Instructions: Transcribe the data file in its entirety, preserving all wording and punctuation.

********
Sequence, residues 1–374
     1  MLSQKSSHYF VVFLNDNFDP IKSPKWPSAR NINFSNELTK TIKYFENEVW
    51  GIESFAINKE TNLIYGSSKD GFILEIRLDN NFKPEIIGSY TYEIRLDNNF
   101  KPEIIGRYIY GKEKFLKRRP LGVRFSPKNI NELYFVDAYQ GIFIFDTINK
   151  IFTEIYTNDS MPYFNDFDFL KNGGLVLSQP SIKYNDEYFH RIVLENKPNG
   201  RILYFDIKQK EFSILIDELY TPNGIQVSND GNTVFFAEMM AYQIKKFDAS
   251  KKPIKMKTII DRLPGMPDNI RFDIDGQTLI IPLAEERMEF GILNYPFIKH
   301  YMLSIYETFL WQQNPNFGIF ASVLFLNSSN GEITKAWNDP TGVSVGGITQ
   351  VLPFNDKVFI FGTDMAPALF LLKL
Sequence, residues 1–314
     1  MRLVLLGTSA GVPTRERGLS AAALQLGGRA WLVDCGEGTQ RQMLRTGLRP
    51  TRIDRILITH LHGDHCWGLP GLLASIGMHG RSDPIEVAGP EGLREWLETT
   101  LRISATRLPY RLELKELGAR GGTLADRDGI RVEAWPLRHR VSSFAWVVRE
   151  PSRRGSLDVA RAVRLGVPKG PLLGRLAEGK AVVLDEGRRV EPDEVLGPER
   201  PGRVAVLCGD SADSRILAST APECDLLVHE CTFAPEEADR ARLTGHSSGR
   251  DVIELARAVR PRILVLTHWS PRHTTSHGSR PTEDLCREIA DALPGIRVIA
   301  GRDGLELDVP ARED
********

Sequence, residues 1–374
     1  MLSQKSSHYF VVFLNDNFDP IKSPKWPSAR NINFSNELTK TIKYFENEVW
    51  GIESFAINKE TNLIYGSSKD GFILEIRLDN NFKPEIIGSY TYEIRLDNNF
   101  KPEIIGRYIY GKEKFLKRRP LGVRFSPKNI NELYFVDAYQ GIFIFDTINK
   151  IFTEIYTNDS MPYFNDFDFL KNGGLVLSQP SIKYNDEYFH RIVLENKPNG
   201  RILYFDIKQK EFSILIDELY TPNGIQVSND GNTVFFAEMM AYQIKKFDAS
   251  KKPIKMKTII DRLPGMPDNI RFDIDGQTLI IPLAEERMEF GILNYPFIKH
   301  YMLSIYETFL WQQNPNFGIF ASVLFLNSSN GEITKAWNDP TGVSVGGITQ
   351  VLPFNDKVFI FGTDMAPALF LLKL
Sequence, residues 1–314
     1  MRLVLLGTSA GVPTRERGLS AAALQLGGRA WLVDCGEGTQ RQMLRTGLRP
    51  TRIDRILITH LHGDHCWGLP GLLASIGMHG RSDPIEVAGP EGLREWLETT
   101  LRISATRLPY RLELKELGAR GGTLADRDGI RVEAWPLRHR VSSFAWVVRE
   151  PSRRGSLDVA RAVRLGVPKG PLLGRLAEGK AVVLDEGRRV EPDEVLGPER
   201  PGRVAVLCGD SADSRILAST APECDLLVHE CTFAPEEADR ARLTGHSSGR
   251  DVIELARAVR PRILVLTHWS PRHTTSHGSR PTEDLCREIA DALPGIRVIA
   301  GRDGLELDVP ARED